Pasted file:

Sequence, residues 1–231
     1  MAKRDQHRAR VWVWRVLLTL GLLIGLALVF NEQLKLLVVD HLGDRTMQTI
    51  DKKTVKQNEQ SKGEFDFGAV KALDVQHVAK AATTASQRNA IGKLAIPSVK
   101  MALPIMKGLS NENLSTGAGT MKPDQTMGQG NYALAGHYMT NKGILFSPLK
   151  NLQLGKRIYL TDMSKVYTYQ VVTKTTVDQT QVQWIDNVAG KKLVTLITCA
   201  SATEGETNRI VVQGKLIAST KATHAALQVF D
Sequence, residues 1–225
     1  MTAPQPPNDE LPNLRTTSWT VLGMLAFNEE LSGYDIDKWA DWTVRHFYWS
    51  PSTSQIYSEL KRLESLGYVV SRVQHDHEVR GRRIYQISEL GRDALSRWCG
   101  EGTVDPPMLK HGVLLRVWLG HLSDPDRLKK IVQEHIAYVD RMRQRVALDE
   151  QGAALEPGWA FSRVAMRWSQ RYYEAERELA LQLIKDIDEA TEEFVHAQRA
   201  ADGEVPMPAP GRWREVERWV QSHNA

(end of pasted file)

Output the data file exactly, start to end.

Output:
Sequence, residues 1–231
     1  MAKRDQHRAR VWVWRVLLTL GLLIGLALVF NEQLKLLVVD HLGDRTMQTI
    51  DKKTVKQNEQ SKGEFDFGAV KALDVQHVAK AATTASQRNA IGKLAIPSVK
   101  MALPIMKGLS NENLSTGAGT MKPDQTMGQG NYALAGHYMT NKGILFSPLK
   151  NLQLGKRIYL TDMSKVYTYQ VVTKTTVDQT QVQWIDNVAG KKLVTLITCA
   201  SATEGETNRI VVQGKLIAST KATHAALQVF D
Sequence, residues 1–225
     1  MTAPQPPNDE LPNLRTTSWT VLGMLAFNEE LSGYDIDKWA DWTVRHFYWS
    51  PSTSQIYSEL KRLESLGYVV SRVQHDHEVR GRRIYQISEL GRDALSRWCG
   101  EGTVDPPMLK HGVLLRVWLG HLSDPDRLKK IVQEHIAYVD RMRQRVALDE
   151  QGAALEPGWA FSRVAMRWSQ RYYEAERELA LQLIKDIDEA TEEFVHAQRA
   201  ADGEVPMPAP GRWREVERWV QSHNA